loans totaled $15.3 million at March 31, 2022 compared to $14.8 million at
year-end 2021. Non-performing loans represented 0.42% of total loans at March
31, 2022 compared to 0.49% at December 31, 2021. The increase in non-performing
assets was primarily attributable to the CUB acquisition which totaled
approximately $0.8 million at March 31, 2022.

March 31, 2022 total deposits increased $1.085 billion compared to year-end
2021. The increase in total deposits at March 31, 2022 compared with year-end
2021 was largely attributable to the CUB acquisition and continued general
inflows of customer deposits. As of March 31, 2022, deposits from the CUB
acquisition totaled $893.9 million. Excluding the deposits related to the
acquisition, total deposits increased $191.4 million, or 16% on an annualized
basis, at March 31, 2022 compared with year-end 2021.

End of Period Deposit Balances:                                  March 31,           December 31,         Current Period
(dollars in thousands)                                              2022                 2021                 Change
Non-interest-bearing Demand Deposits                           $ 1,789,353          $  1,529,223          $    260,130
Interest-bearing Demand, Savings, & Money Market
Accounts                                                         3,527,373             2,867,994               659,379
Time Deposits < $100,000                                           278,477               201,683                76,794
Time Deposits of $100,000 or more                                  234,407               145,416                88,991
Total Deposits                                                 $ 5,829,610          $  4,744,316          $  1,085,294


Capital Resources:

As of March 31, 2022, shareholders' equity declined by $19.5 million to $649.0
million compared with $668.5 million at year-end 2021. The decline in
shareholders' equity was primarily attributable to a decline in accumulated
other comprehensive income of $133.9 million related to the decrease in value of
the Company's available-for-sale securities portfolio driven by a rapid increase
in market interest rates during the first quarter of 2022. Partially mitigating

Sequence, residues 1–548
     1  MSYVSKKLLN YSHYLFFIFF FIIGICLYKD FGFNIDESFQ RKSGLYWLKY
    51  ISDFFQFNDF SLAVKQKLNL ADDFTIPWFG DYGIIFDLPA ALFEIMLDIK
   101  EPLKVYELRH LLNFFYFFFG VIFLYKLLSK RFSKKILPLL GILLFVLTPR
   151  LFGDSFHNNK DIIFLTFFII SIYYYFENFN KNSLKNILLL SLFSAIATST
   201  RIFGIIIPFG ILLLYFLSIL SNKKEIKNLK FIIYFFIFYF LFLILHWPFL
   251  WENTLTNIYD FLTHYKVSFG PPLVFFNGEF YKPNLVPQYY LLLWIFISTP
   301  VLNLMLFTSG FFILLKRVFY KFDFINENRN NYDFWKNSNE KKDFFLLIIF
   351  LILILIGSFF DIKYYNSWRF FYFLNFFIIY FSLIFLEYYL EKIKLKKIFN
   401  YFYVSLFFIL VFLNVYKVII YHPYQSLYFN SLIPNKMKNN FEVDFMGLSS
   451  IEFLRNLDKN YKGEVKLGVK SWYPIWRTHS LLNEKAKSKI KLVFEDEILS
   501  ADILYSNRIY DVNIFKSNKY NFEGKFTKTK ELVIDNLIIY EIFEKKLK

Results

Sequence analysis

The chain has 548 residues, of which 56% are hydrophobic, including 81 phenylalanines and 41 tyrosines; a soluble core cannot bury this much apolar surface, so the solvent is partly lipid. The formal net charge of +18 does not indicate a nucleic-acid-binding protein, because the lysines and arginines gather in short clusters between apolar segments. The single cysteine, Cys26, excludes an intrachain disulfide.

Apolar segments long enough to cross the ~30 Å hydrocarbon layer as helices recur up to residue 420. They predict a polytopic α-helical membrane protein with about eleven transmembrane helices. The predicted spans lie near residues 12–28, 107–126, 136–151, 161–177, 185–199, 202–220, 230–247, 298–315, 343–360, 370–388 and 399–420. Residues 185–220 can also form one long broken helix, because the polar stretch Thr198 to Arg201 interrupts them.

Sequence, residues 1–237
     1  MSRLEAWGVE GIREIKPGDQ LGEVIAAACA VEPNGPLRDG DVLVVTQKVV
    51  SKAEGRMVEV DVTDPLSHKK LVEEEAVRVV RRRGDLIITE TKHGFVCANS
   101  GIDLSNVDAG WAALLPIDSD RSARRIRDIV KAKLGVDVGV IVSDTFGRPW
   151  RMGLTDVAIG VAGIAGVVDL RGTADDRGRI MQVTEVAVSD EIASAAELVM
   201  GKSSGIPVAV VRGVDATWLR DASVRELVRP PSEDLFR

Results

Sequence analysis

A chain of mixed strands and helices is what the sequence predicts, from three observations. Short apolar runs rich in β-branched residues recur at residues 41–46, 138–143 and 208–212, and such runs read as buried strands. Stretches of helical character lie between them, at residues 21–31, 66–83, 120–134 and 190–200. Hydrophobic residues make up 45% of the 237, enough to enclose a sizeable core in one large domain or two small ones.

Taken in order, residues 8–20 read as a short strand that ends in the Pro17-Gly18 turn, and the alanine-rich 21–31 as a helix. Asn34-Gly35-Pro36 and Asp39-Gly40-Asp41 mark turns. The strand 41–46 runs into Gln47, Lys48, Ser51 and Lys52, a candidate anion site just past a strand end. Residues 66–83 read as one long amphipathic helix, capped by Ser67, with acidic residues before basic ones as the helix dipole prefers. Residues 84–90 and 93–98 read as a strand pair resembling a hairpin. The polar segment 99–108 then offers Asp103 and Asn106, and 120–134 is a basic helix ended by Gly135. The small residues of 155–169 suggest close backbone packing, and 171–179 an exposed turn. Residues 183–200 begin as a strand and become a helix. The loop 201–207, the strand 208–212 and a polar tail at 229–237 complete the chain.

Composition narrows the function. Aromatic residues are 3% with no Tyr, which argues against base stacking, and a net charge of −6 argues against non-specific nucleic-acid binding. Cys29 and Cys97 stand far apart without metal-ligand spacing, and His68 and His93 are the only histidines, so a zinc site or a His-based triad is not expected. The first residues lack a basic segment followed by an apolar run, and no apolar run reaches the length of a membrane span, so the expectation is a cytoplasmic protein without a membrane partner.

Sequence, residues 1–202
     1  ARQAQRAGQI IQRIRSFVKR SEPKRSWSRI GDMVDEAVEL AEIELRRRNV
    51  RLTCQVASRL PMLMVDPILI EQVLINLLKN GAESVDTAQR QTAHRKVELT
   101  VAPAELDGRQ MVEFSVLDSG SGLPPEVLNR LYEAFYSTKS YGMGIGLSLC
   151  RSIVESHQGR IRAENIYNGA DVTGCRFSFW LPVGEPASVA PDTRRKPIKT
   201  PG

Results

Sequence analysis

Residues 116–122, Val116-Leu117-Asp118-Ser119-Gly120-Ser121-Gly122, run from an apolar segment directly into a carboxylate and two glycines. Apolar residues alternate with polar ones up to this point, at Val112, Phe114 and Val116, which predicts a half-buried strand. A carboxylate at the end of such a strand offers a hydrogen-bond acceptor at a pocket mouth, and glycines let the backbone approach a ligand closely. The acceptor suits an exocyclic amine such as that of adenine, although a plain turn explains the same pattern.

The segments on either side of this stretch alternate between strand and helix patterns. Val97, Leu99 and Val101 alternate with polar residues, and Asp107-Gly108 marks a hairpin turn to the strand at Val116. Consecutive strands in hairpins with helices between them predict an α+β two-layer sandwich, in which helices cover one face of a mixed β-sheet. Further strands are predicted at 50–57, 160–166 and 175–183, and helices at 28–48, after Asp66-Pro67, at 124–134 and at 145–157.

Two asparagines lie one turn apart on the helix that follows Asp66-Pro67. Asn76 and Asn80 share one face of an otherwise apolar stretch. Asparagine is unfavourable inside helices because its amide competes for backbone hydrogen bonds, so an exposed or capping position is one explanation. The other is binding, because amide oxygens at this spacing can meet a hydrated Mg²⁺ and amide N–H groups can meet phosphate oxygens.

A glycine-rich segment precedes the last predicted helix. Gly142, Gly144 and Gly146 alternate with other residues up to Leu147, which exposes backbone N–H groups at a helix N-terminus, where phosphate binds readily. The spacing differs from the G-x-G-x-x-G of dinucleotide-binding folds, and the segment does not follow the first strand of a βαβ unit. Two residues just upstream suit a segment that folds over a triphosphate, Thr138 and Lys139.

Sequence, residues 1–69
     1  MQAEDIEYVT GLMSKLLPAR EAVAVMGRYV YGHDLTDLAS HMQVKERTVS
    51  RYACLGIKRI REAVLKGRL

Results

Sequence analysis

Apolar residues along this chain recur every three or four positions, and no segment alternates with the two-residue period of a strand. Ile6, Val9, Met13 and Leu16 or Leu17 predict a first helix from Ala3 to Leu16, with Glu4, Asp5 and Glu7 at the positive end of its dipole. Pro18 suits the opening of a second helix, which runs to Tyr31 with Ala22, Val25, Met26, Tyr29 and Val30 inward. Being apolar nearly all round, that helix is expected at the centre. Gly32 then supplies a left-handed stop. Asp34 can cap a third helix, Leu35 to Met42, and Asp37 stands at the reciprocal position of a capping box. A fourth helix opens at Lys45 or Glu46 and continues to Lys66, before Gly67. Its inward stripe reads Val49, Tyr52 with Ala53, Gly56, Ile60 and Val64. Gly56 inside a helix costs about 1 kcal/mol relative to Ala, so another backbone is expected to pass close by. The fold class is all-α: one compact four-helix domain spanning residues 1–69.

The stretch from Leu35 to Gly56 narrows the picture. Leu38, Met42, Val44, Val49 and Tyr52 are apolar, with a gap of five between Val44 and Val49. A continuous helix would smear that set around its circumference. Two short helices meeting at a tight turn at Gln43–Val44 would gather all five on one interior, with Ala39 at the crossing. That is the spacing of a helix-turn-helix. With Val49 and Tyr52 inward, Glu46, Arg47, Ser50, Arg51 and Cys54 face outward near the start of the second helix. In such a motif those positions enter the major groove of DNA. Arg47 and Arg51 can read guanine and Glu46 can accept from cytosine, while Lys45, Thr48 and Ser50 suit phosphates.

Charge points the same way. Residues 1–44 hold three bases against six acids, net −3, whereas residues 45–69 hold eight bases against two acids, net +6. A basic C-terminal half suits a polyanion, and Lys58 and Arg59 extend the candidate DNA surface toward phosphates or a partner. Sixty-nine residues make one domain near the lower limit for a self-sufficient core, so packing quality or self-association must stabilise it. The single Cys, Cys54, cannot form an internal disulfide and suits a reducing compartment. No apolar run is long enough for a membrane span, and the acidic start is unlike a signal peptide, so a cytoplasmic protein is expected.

the decline was the issuance of the Company's common shares in the acquisition
of CUB. Approximately 2.9 million shares were issued to CUB shareholders
resulting in an increase to shareholders' equity of $111.9 million. Also
mitigating the decline was increased retained earnings of $2.3 million due to
net income of $9.1 million, which was partially offset by the payment of $6.8
million in shareholder dividends.

Shareholders' equity represented 9.7% of total assets at March 31, 2022 and
11.9% of total assets at December 31, 2021. Shareholders' equity included $190.9
million of goodwill and other intangible assets at March 31, 2022 compared to
$127.6 million of goodwill and other intangible assets at December 31, 2021. The
increase in goodwill and other intangible assets was attributable to the CUB
acquisition.

                                       47
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On January 31, 2022, the Company's Board of Directors approved a plan to
repurchase up to 1.0 million shares of the Company's outstanding common stock.
On a share basis, the amount of common stock subject to the new repurchase plan
represented approximately 3% of the Company's outstanding shares on the date it
was approved. The Company is not obligated to purchase any shares under the
plan, and the plan may be discontinued at any time. The actual timing, number
and share price of shares purchased under the repurchase plan will be determined
by the Company at its discretion and will depend upon such factors as the market
price of the stock, general market and economic conditions and applicable legal
requirements. At the time it approved the new plan, the Board also terminated a
similar plan that had been adopted in January 2021. The Company has not
repurchased any shares of common stock under the 2022 repurchase plan.

Federal banking regulations provide guidelines for determining the capital
adequacy of bank holding companies and banks. These guidelines provide for a
more narrow definition of core capital and assign a measure of risk to the
various categories of assets. The Company is required to maintain minimum levels
of capital in proportion to total risk-weighted assets and off-balance sheet
exposures.

The current risk-based capital rules, as adopted by federal banking regulators,
are based upon guidelines developed by the Basel Committee on Banking
Supervision and reflect various requirements of the Dodd-Frank Act (the "Basel
III Rules"). The Basel III Rules require banking organizations to, among other
things, maintain a minimum ratio of Total Capital to risk-weighted assets, a
minimum ratio of Tier 1 Capital to risk-weighted assets, a minimum ratio of
"Common Equity Tier 1 Capital" to risk-weighted assets, and a minimum leverage
ratio (calculated as the ratio of Tier 1 Capital to adjusted average
consolidated assets). In addition, under the Basel III Rules, in order to avoid
limitations on capital distributions, including dividend payments, the Company
is required to maintain a 2.5% capital conservation buffer above the adequately
capitalized regulatory capital ratios. At March 31, 2022, the capital levels for
the Company and its subsidiary bank remained well in excess of the minimum
amounts needed for capital adequacy purposes and the Bank's capital levels met
the necessary requirements to be considered well-capitalized.

The table below presents the consolidated capital ratios of the Company and the banking subsidiary according to regulatory guidelines:

                                                                                                       Minimum for Capital